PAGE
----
Temporary Overstock

Discussion in 'General Discussion' started by immortaladdiction, Jun 3, 2016.

  1. immortaladdictionNew MemberMember

    Hi all, I am worried about my babies as I am going to have to put my large tank in storage temporarily while we find a more permanent home. It should only be for a month or two tops, but I will have to fit 40 (compatible) fish into a 20 gallon tank. I will be using my 90 gallon filter with the setup in an effort to keep the bio load down. Do you think this is going to negatively affect them? Any input is welcome. Please keep in mind I know this isn't ideal, but we are in a position where we are forced to move, and have to be in temporary housing for a month or two. I don't want to have to give them up!
  2. NicoldemeValued MemberMember

    Depends on what kind of fish you have. Just follow the basics for overstocking: Plenty of water changes, keeping feeding to a minimum, and watch carefully for aggression. You said they're compatible fish, but since it's a small space I wouldn't put it past any of the fish to show agitation. As for feeding, once a day or every other day and clean out any extra that falls to the bottom. As long as you work hard enough, your tank will be fine until you can upgrade it :)
  3. immortaladdictionNew MemberMember

    Thank you! The nice thing is that once we have our permanent housing I will be able to set up the individual tanks again. It's just not feasible to set up the large tank in a temporary space. We will be going from a house, to a 1 bdrm condo before we end up in a place that we can set up normally.
  4. NicoldemeValued MemberMember

    One thing that might might MIGHT help, is (Maybe I'm not sure) to (Have no idea if it'll work) pour a (Probably won't do anything) bottle of (Or maybe it will help?) TSS in there. By adding more beneficial bacteria, it might help keep the cycle from getting too overwhelmed. The bottles don't hold every kind of good bacteria for a proper cycle in them, but it MAY help. Possibly. At least a little bit. :;dk
  5. el337Fishlore LegendMember

    Welcome to Fishlore :)

    I agree with Nicoldeme on the frequent water changes. I'm not sure what water conditioner you use but what would also help is having Seachem Prime on hand to detox any rising ammonia you might see. That will at least keep your fish safe for up to 1ppm for 24 hrs.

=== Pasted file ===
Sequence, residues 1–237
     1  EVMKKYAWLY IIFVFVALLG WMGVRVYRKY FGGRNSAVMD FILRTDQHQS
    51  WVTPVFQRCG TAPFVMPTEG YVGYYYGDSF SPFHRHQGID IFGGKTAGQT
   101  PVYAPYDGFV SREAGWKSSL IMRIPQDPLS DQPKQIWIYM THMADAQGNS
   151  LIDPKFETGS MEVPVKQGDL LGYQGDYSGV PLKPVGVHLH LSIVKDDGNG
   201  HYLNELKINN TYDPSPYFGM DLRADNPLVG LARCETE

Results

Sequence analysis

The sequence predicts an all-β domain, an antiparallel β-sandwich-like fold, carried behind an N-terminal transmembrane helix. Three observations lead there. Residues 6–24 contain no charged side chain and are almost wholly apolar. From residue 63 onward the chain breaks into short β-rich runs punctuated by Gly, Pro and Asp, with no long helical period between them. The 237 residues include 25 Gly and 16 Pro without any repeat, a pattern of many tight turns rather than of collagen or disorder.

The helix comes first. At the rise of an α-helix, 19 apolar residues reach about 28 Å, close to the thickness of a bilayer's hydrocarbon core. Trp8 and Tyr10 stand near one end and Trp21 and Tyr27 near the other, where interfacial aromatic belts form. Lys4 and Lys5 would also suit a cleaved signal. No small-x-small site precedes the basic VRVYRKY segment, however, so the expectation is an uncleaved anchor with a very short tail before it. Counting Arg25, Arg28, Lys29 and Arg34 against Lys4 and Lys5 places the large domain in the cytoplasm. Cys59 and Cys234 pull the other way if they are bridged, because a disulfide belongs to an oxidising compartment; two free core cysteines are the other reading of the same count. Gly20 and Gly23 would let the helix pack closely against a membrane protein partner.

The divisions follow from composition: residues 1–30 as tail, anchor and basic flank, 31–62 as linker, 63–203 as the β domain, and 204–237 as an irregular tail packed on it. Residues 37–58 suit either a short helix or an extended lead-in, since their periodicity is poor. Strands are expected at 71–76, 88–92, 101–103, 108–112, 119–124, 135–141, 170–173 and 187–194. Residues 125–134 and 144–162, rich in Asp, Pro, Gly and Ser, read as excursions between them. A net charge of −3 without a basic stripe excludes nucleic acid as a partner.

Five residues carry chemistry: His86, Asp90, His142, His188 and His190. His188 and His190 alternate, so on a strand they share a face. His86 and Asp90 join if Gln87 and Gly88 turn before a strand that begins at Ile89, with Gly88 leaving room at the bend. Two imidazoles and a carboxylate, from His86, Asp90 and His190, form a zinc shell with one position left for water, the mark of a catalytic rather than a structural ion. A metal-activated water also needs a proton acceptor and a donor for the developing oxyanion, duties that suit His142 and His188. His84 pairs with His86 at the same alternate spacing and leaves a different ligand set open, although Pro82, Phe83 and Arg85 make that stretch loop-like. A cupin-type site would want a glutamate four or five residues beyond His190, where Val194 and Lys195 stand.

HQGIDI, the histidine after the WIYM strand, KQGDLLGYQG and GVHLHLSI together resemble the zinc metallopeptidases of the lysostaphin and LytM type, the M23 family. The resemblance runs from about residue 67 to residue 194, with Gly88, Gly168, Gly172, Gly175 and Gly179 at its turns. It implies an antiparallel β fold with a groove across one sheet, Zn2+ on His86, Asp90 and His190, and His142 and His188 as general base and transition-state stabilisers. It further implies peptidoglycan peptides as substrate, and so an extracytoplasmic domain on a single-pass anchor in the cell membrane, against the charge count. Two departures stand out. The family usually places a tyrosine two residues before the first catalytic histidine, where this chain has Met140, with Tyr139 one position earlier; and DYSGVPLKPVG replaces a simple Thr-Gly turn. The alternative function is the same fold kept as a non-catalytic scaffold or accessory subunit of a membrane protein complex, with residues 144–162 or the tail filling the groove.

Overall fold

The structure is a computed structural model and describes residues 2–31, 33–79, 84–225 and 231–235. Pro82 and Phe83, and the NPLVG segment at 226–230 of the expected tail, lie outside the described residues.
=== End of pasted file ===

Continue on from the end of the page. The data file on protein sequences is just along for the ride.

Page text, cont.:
Do you own a liquid test kit? I would check parameters every few days to take the necessary actions, i.e. more water changes, dose more Prime, etc.
  6. immortaladdictionNew MemberMember

    Thank you for the suggestions! I do use Prime exclusively for water conditioning, and my current parameters are excellent. I have very healthy and happy fish! And yes I do have an API test kit, and will be checking regularly. I also use the seachem ammonia monitor that suctions to the inside of the tank. I was thinking about bottling some of the current tank water to take with for refilling the tank in the hopes that the bacteria will come with. The good part is I'm only moving the tank about 10 blocks, so I should be able to move everything over fast enough to keep it alive.
  7. el337Fishlore LegendMember

    The water doesn't hold any bacteria. Instead, I would move the original filter, filter media, gravel and any decor.
  8. NicoldemeValued MemberMember

    When you leave, dismantle the tank and pull out all the gravel. Keep it wet throughout the move, so bacteria will survive. Do the same with the filter and decorations, that way most of the bacteria may be able to survive. Also, do bring some of the original water with you, as where you're going may have different water, and when refilling the tank with new water, the different chemistry may shock your bacteria as well as your fish.
    When you put the tank back up, add a bottle of TSS, so if a lot of your bacteria died in the move, you'll have a jump start on a new cycle. If you have any friends nearby with tank similar to yours, maybe you can have them take a few of your fish, then once your tank has cycled and is ready, you can slowly introduce the fish to your tank as you would if it were new. It would be best to treat your tank as if it were newly set up, as basically it is.

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